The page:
Ellen Cantor

Madame Bovary’s Revenge

Ellen Cantor

Madame Bovary’s Revenge


21 Sep –25 Sep 2016


20 Sep 2016, 18:00

Curated by

Synne Genzmer


Parallel Vienna, Raum 2.44, 1010 Wien

Thanks to

Ursula Blickle Video Archiv, Belvedere 21


Parallel Vienna

Women, love, pleasure: Ellen Cantor’s Madame Bovary’s Revenge reflects on romance and sexuality, but also on the oppressive aspects of gender roles and representation of women through media.

In her first film work, the artist tells a love story by referring to three female characters, who follow their own desires and break the rules of conventional society: Gustav Flaubert’s 1856 novel’s heroine Madame Bovary doesn’t keep her promise of faithfulness that is expected of a spouse; the female protagonist of Louis Malle’s Les Amants (1958), Jeanne (played by Jeanne Moreau) spends a passionate night with her lover; Marilyn Chamber’s performance in the pornographic film Behind the Green Door (1972), which was shown in regular movie theatres.

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By combining Hollywood-like scenarios with explicit sexual imagery, uncommon in classical cinema, the artist adds a strong physical component to her own film version of a romantic encounter. Ellen Cantor herself once stated, ‘My perversion is the belief in true love’. The artist not only shared her perceptions of personal desire but also expressed her critical attitude towards representation (‘Don’t trust the image’). Drawing upon various sources from the cultural history of womanhood, her work challenges normative concepts of female identity in order to open up new forms of women’s self-expression.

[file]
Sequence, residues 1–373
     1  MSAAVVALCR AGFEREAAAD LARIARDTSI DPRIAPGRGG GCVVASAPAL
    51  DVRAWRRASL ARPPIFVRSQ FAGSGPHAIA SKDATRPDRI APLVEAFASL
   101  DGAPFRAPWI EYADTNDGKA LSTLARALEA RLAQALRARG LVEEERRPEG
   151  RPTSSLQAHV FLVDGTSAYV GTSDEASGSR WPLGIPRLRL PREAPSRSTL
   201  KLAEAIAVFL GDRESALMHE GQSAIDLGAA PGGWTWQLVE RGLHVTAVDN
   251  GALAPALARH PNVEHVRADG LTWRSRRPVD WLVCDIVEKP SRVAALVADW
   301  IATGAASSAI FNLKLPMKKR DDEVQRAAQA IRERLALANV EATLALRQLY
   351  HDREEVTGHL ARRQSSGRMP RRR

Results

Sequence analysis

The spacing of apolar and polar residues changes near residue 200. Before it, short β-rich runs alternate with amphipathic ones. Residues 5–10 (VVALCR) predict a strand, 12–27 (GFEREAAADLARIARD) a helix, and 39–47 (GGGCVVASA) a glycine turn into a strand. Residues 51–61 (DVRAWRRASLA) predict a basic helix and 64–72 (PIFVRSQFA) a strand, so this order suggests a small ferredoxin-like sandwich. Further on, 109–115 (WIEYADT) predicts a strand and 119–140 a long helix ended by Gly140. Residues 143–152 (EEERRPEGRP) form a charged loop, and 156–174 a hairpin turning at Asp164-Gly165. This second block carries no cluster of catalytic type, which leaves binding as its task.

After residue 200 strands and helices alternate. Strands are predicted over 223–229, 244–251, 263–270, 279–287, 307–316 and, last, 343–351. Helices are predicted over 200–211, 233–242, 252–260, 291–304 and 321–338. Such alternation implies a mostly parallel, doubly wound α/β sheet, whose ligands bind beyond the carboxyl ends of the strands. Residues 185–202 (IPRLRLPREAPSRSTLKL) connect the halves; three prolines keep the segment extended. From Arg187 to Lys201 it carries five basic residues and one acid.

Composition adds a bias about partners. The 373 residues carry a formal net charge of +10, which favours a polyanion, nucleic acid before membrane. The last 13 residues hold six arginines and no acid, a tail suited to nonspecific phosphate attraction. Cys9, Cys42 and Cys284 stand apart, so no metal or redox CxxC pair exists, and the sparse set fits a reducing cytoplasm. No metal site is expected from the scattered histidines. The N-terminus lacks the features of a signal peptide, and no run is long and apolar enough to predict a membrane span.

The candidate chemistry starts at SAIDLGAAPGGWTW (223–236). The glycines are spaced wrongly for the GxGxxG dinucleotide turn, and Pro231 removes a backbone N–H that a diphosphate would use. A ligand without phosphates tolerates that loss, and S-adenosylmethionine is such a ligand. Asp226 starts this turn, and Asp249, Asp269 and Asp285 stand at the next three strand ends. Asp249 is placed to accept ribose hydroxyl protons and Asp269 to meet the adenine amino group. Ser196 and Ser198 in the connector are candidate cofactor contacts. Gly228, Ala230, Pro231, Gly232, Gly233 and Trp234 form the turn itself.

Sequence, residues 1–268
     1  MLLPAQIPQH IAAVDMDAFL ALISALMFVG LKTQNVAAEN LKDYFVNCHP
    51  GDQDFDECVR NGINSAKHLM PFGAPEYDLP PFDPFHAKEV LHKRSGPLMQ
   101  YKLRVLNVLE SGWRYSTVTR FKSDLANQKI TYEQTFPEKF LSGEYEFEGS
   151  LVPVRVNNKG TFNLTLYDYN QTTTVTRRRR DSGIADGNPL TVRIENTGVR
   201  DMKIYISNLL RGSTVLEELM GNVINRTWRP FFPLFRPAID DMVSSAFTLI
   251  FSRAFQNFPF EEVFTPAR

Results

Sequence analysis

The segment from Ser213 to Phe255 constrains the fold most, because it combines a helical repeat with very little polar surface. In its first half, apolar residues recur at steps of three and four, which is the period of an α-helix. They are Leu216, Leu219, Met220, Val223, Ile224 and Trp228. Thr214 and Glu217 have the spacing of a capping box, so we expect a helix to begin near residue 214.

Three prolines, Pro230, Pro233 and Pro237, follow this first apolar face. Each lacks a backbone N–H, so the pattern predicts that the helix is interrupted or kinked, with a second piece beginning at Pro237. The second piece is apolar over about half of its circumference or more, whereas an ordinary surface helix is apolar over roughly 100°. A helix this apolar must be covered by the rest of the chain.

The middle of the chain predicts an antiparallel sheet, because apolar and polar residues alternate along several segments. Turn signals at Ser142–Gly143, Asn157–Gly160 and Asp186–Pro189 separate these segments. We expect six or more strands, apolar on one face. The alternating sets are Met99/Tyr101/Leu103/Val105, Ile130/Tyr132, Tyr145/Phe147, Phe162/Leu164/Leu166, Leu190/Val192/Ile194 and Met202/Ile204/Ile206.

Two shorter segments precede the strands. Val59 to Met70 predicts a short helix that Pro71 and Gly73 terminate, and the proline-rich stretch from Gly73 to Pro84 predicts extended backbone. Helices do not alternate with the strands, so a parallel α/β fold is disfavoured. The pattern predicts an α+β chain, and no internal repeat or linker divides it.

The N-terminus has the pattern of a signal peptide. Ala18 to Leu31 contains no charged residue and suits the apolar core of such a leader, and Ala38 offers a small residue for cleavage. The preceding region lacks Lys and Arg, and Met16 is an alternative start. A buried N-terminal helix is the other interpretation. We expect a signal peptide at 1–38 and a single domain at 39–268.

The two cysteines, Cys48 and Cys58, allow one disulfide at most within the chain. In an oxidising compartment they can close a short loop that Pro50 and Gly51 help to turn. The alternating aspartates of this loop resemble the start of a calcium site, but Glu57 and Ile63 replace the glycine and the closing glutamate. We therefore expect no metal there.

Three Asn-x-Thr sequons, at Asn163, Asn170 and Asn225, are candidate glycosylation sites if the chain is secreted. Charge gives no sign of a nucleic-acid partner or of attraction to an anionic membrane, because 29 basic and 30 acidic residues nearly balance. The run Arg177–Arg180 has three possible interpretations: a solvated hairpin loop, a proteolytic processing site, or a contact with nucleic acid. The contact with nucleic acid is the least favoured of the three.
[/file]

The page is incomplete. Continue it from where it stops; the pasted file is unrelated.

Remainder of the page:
Ellen Cantor (b. Detroit, USA 1961–2013) was an artist working between New York and London. In the 1980s and early 1990s, she was mainly producing sculptures and paintings. Later on, she became recognized for her short films and drawings. Her work often includes fantastic narrative elements, playful and poetic notes, fragments from films, mass media, and cultural history. This unique way of storytelling weaves together subjects of love, sexuality, psychology, and politics. Cantor’s works were widely exhibited internationally. Neuer Kunstverein Wien is organizing a film retrospective at the beginning of 2017, featuring works of the artist from 1995 to 2016.

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